Autoliv’s commitment to rider safety is evident as they embark on this pioneering journey. By starting with scenarios offering the most immediate safety gains and gradually expanding to other crash types, the company aims to enhance motorcycle safety significantly.

Alpinestars Malaysia has taken rider safety to a whole new level with the launch of their highly anticipated Tech-Air Airbag System in the country.

  • This revolutionary airbag system aims to significantly reduce upper body injuries for motorcycle riders.
  • Sinar Puncak is the authorised distributor for Alpinestars range of products in Malaysia.

The highlight of the Tech-Air family is undoubtedly the Tech-Air 10, offering the broadest protection of any airbag system currently available on the market. With its comprehensive coverage of the shoulders, chest, hips, and full back, Tech-Air 10 is a race-oriented airbag designed for MotoGP class riders.

The system is equipped with 12 sensors, including accelerometers and gyroscopes, ensuring rapid and precise deployment in case of an accident. Priced at RM 4,899 and available in sizes M to 2XL, Tech-Air 10 is simple to use – riders need only zip up the front and fasten the internal belt to activate the airbag system.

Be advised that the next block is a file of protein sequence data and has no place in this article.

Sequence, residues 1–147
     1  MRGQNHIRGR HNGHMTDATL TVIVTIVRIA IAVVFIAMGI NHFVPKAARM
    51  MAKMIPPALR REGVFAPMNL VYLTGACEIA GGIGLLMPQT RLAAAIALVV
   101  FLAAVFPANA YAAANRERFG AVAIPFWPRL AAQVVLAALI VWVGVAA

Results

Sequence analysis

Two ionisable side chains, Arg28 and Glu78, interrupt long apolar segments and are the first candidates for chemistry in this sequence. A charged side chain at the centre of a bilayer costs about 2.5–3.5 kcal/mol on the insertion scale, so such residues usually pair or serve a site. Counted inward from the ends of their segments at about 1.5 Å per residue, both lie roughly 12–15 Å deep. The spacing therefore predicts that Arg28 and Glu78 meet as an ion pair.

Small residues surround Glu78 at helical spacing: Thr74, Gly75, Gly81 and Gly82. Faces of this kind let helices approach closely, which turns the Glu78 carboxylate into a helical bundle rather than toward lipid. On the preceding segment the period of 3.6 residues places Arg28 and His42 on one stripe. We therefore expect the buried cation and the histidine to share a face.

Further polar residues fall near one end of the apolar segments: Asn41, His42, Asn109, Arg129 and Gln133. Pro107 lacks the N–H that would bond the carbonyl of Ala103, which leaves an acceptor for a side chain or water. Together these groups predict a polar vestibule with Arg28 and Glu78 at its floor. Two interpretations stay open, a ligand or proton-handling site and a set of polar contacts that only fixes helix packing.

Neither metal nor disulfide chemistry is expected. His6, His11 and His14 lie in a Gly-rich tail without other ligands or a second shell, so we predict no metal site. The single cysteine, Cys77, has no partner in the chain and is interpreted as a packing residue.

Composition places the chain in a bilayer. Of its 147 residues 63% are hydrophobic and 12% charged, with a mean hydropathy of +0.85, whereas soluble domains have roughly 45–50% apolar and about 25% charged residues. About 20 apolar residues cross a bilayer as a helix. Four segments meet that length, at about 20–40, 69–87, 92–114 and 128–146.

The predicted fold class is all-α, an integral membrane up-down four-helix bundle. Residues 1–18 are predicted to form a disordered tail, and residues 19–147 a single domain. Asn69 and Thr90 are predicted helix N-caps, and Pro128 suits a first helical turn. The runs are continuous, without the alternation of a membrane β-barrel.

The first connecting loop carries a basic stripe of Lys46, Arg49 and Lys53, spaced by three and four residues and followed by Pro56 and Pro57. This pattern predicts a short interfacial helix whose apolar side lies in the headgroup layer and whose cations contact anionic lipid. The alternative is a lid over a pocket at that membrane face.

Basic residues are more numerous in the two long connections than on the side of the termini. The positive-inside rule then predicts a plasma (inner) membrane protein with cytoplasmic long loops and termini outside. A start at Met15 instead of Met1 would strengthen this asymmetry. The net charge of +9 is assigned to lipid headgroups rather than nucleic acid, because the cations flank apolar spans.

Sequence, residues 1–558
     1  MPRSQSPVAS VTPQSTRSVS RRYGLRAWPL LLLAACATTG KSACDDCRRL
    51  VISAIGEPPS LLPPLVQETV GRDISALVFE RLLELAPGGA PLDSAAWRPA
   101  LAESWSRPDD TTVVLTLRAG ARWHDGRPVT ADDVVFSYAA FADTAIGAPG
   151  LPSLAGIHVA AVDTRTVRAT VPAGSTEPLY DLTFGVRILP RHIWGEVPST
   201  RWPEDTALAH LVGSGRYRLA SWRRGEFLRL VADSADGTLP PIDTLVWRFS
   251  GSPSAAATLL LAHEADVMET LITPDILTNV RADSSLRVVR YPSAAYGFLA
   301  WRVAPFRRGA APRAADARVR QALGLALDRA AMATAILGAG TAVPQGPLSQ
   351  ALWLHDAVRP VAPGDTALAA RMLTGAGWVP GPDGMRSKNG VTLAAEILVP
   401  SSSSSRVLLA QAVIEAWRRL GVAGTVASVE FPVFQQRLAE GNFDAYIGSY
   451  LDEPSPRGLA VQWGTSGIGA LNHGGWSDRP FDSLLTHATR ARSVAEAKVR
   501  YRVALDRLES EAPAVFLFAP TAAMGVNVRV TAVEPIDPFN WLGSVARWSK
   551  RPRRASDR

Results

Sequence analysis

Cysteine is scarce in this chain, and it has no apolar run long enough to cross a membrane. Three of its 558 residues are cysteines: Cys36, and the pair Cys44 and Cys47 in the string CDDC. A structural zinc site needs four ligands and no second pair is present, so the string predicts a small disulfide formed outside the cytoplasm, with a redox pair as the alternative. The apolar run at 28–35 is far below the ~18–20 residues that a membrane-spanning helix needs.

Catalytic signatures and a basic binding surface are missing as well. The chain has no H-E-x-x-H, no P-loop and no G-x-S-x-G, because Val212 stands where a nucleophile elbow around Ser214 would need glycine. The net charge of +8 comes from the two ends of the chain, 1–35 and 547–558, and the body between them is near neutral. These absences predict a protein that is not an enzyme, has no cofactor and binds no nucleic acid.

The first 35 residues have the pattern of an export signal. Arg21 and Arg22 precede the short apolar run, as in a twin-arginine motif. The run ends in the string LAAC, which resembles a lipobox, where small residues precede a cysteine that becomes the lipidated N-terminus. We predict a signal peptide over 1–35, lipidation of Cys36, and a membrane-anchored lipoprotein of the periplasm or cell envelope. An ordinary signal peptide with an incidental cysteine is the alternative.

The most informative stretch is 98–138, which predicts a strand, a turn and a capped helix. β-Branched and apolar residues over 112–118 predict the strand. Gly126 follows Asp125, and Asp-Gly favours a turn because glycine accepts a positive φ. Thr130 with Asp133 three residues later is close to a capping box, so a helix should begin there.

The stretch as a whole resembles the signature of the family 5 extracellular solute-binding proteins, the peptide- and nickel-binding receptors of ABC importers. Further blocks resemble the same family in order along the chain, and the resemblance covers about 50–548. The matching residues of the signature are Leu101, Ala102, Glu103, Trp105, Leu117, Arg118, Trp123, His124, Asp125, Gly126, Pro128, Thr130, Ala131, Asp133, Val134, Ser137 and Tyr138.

For those seeking a versatile airbag solution, the Tech-Air 5 fits the bill perfectly. Priced at RM2,999 and available in sizes S to 2XL, Tech-Air 5 features an active electronics system with 6 integrated sensors, employing AI-powered accident detection algorithms to deploy the airbag when necessary.

Offering comprehensive protection for shoulders, chest, ribs, and full back, Tech-Air 5 is ideal for touring, urban commuting, and racing, with two selectable modes – RACE and STREET.

Meanwhile, the Tech-Air 3 serves as a street-oriented over-jacket airbag system, designed to be worn over or under a rider’s jacket. With its automatic activation and connectivity to the motorcycle’s battery through internal magnets, Tech-Air 3 ensures seamless protection for urban commutes and adventurous rides on the road. Priced at RM2,299 (size S to 2XL), Tech-Air 3 combines lightweight and slim-fit design with CE certification level 2 for both the chest and back when the airbag is fully inflated.